This tutorial is going to show you some misleading graphics. The point is that certain times people create graphics that make you want to think a certain way. They're trying to sway you to believe something. And they'll distort or mislead you using graphics to try and get you to believe a certain way.
Let's take a look. We'll start with one that is a pretty obvious visual distortion. So suppose we had three buddies, Paul, Hector, and Juan that were looking at the number baseball cards they had. This was probably drawn by Juan. And we'll get to why we think so in a second.
But you'll notice that the y-axis has unequal scaling. This apparently represents 50, whereas this apparently represents 70. But they're the same size gap. And even more ludicrous, this apparently represents 5. But it's the same gap. So some graphs are drawn with unequal scales so as to represent things disproportionately.
There are some that are more tricky. So let's take a look at the preferred brand of dish soap. So let's say that 15 people selected Brand A. And 8 people selected B. And 20 people selected C.
Now, both of these graphs can show us that. But which one is more accurate? As it turns out, the one on the left is more accurate.
The one on the right clearly was used to exaggerate the difference between B and C. Notice how much taller C is than B in the graph in the right as opposed to the graph on the left. It's only about twice as tall as B here, whereas it's about five times taller than B here.
If you use a graph like that, a bar graph or a histogram, it's a good idea to start the vertical axis at zero, unless there's a good reason not to start there. For instance, if you were tracking the change in home prices starting from zero and going all the way up to say 300,000 won't show a big difference between 300,000 and 280,000. However, to the homeowner, that drop in $20,000 is significant.
Graphs beginning anywhere besides zero have a tendency to exaggerate differences. But graphs starting at zero sometimes can minimize very real differences. So it's important to know what you're trying to emphasize.
Let's take another look. Suppose a class of 18 students was asked their favorite sport and some kids said soccer and some kids said baseball. Three said soccer. Five said baseball. And the remaining 10 said basketball.
Suppose a student drew this graph. Now, what's wrong with this graph? Well, twice as many students chose basketball. And look. It goes up to 10. And five students chose baseball. And look. It goes up to 5.
So what's the problem? Well, the problem is that while the height of the basketball is twice the height of the baseball, it's also twice the width. And so something that's twice the height and twice the width, if you compare the areas taken up by the basketball and the baseball, it's about four times as much area taken up by the basketball. In fact, you can even see that more clearly by putting the box that represented the baseball inside the box that represented the basketball. And it's clearly only about 1/4 the size.
To make matters worse, technology has introduced us to lots of different misleading graphs. This is kind of a ridiculous graph. It's meant to show across four different cities-- I don't know what it's supposed to be measuring, frankly. There's no label.
It's supposed to show across time how these different markets are doing. Maybe this is a store. I can't even tell what this is supposed to be measuring or what these numbers zero through 100 actually mean.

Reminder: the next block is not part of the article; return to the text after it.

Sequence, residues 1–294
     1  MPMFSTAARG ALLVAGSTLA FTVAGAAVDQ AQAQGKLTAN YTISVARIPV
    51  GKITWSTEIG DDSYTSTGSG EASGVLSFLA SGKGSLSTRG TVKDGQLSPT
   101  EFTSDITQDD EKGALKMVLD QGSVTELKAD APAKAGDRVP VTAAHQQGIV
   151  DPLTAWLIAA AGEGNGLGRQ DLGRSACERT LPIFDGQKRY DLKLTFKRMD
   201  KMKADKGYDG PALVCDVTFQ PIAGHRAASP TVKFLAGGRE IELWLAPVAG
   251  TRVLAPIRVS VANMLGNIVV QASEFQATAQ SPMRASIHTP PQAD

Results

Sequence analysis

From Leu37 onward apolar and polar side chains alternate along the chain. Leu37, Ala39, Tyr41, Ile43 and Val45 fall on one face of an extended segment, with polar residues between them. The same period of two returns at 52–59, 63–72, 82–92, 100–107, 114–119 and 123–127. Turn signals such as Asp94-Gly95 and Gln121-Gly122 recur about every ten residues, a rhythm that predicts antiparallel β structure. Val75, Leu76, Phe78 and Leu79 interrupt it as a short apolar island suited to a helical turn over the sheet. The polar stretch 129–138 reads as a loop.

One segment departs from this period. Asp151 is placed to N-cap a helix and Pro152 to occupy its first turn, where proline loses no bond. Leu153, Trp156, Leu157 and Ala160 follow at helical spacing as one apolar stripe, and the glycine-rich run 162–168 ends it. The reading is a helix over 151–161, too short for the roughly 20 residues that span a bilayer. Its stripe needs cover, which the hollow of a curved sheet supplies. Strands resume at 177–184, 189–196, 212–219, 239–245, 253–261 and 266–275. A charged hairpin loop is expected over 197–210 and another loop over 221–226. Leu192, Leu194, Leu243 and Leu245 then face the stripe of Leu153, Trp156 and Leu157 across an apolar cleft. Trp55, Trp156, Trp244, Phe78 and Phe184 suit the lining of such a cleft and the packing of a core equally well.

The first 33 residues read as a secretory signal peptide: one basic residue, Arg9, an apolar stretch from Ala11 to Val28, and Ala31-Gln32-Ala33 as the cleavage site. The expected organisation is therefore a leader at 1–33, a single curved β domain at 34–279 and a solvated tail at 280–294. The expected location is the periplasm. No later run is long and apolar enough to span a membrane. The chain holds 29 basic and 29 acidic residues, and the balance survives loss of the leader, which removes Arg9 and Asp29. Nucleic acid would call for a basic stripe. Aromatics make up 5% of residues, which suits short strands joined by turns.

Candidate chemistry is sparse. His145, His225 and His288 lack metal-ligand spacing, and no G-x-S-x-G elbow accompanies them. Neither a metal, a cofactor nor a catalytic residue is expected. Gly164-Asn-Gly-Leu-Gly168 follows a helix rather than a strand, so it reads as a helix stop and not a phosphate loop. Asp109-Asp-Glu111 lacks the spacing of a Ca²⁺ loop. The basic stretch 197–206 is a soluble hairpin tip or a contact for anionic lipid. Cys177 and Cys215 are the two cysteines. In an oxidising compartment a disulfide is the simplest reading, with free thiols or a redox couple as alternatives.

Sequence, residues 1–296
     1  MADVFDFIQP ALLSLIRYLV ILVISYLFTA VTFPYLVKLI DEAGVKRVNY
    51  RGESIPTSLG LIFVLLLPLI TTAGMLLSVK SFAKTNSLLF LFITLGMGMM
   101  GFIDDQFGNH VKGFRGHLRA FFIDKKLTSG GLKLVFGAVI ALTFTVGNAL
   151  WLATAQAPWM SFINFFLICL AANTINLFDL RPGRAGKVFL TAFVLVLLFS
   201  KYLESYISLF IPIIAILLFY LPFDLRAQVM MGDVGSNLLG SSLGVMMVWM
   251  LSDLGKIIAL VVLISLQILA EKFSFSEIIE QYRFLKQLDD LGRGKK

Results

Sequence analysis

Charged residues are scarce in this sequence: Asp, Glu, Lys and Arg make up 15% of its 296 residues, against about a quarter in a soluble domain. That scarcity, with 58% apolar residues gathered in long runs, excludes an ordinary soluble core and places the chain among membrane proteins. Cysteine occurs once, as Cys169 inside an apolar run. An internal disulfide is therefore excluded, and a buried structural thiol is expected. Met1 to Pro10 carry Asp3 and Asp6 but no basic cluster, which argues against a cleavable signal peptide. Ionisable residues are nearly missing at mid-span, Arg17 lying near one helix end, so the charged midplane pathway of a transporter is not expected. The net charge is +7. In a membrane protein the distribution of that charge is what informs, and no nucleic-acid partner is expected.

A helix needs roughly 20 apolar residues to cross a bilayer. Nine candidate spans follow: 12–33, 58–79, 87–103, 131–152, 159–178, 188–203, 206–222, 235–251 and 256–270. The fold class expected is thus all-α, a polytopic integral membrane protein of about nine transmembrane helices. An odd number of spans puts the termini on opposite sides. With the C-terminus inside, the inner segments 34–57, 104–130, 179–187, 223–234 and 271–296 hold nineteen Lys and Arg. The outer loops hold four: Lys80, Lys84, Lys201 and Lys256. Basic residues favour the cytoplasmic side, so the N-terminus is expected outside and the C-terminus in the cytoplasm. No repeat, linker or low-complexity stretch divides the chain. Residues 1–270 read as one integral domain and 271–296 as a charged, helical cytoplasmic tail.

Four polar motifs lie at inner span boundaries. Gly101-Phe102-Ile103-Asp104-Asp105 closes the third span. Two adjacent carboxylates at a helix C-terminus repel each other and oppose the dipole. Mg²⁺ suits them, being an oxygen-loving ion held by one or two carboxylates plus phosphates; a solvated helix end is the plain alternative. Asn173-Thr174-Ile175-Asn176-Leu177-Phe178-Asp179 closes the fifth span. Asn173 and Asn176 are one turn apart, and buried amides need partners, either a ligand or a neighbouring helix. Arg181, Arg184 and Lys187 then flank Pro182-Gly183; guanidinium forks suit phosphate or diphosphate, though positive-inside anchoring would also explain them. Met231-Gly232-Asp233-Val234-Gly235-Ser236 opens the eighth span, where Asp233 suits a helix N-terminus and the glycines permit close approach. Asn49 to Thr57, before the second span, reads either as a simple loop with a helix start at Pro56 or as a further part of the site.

So the additional problem comes from what are we comparing here? Are we comparing the height of these things, the volume of these things. For instance, the cone to the cylinder, a cone only has about 1/3 the volume of a cylinder with the same base and height. And so it doesn't really make sense to be comparing cones and pyramids to cylinders and boxes. It just makes no sense.
Also, because this graph is three-dimensional, there's no way to easily compare heights. Is this cone supposed to be taller, shorter, or the same height as the cylinder behind it? I can't tell. And it's going to be very hard for anyone to tell. This is an incredibly misleading graphic.
To make matters worse, technology, like certain spreadsheet programs, have allowed you to look at all of these different graphs. Now, cones, cylinders, and all of these being three-dimensional, all that these do is distort your data. The best choice if you're going to use bar graphs would be the simple ones, the simple two-dimensional ones here at the top.
So taking a look, this is not a good choice. The better choice, being that you're trying to compare across time, would be something like a time series. January, February, March, April, May, June, July. Again, I'm not even 100% sure that these are where they're supposed to be, because I couldn't compare the heights easily. I had to guess at what these values were going to be.
But this is a lot more useful to anyone reading it then this would be. This is flashier. But the information gets hidden.
And so to recap, graphical displays can be manipulated in many different ways. If you use an inappropriate scale, you can exaggerate the differences. Or you can use areas to make differences seem larger than they actually are. Or you can use three-dimensional displays that aren't really clear at all.
As statisticians, our goal is to make the complicated simple, to make the data easy to understand. We're trying to clean up a messy world. Our goal is clarity. And all these misleading graphics don't do that.
So the terms that we used were misleading graphics; perceptual distortion, which was the area issue that we had with the baseball and basketball example; and scales. Where do you start your graph? Do you start it at zero? Or do you start it somewhere else?
Good luck. And we'll see you next time.